The sample will be held on a register along with a personal profile of the individual. The details will be kept for ten years after the prison sentence is served.
Currently only those facing a prison sentence of two years or more are required to submit a DNA sample.
“The new law has such a low threshold that essentially anyone who has committed any kind of serious crime will end up [on the register],” said justice minister Thomas Bodström to Dagens Nyheter.
The Swedish proposal follows months of debate in which British success with DNA registers in certain police forces, notably Sheffield, was cited as an example of smart crime fighting.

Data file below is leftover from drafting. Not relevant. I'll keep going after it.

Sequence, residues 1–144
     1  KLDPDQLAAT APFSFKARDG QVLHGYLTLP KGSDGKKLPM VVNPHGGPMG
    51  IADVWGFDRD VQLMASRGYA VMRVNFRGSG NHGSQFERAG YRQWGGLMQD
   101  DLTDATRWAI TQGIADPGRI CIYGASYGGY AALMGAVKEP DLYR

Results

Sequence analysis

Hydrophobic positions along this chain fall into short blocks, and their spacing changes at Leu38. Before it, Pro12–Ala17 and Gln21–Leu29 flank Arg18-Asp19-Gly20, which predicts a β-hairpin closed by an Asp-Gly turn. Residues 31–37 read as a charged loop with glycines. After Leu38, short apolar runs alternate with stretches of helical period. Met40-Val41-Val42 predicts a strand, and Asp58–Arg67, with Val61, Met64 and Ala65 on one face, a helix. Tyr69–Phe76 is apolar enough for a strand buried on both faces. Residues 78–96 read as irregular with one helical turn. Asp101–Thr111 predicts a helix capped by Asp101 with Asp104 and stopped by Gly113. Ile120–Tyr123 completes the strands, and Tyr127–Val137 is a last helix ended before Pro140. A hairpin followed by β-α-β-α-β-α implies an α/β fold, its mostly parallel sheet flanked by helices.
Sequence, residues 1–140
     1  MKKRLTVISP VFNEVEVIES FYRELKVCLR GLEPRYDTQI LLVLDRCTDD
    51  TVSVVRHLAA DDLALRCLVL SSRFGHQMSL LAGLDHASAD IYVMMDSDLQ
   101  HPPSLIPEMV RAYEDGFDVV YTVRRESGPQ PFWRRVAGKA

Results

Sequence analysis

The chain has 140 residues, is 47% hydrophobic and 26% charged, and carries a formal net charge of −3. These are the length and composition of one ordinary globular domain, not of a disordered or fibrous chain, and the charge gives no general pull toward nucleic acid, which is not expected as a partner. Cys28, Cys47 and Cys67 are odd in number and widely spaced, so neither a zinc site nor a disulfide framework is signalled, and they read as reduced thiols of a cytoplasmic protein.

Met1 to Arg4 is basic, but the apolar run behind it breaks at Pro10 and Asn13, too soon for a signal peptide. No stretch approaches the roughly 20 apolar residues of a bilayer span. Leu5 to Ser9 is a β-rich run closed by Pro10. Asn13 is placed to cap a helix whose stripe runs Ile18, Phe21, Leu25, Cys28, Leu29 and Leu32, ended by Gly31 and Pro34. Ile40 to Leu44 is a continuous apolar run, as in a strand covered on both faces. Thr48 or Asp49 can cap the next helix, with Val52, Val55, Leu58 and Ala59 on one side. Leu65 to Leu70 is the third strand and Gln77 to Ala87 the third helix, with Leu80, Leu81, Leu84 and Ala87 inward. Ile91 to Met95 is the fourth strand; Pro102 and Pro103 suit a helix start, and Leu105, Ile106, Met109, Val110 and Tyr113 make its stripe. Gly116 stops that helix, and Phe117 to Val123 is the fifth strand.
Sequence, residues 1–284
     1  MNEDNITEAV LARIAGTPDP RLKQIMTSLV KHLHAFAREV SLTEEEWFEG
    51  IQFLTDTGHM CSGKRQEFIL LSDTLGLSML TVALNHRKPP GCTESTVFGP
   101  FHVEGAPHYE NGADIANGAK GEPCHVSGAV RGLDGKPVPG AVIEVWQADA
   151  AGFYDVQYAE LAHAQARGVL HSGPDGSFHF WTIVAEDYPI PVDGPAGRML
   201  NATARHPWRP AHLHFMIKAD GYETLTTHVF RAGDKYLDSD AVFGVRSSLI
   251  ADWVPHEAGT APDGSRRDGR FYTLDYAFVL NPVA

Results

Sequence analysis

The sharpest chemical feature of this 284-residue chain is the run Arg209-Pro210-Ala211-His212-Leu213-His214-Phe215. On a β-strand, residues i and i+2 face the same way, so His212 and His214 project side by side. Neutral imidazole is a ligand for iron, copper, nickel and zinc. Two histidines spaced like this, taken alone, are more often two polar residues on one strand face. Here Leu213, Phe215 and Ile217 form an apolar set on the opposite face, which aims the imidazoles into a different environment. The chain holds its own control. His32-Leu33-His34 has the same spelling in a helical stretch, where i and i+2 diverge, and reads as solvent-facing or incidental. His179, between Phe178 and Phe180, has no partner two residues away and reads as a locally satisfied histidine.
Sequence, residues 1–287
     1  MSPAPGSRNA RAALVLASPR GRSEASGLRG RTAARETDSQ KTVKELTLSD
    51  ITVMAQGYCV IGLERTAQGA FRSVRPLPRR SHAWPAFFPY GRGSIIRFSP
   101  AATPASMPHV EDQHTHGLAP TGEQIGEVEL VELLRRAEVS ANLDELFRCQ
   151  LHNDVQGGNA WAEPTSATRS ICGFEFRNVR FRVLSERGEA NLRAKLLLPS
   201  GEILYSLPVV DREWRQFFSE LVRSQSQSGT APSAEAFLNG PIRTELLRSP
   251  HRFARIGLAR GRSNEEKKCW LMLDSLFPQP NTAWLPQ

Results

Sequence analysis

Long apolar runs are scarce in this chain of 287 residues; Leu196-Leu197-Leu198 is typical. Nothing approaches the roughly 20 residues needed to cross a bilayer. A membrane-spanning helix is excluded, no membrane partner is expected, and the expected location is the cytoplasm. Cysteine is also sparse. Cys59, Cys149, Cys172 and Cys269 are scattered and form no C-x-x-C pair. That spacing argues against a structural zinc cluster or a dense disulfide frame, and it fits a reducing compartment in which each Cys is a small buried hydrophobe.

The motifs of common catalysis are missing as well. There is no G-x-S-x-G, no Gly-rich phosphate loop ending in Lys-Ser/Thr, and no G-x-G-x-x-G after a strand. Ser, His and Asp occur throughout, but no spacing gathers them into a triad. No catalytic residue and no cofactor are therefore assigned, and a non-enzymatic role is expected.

Bodström said the introduction of a register in Sweden would make it much easier to tie people to crimes from car theft and burglary to far more serious offences.
The DNA analysis will be carried out at the National criminial laboratory in Linköping.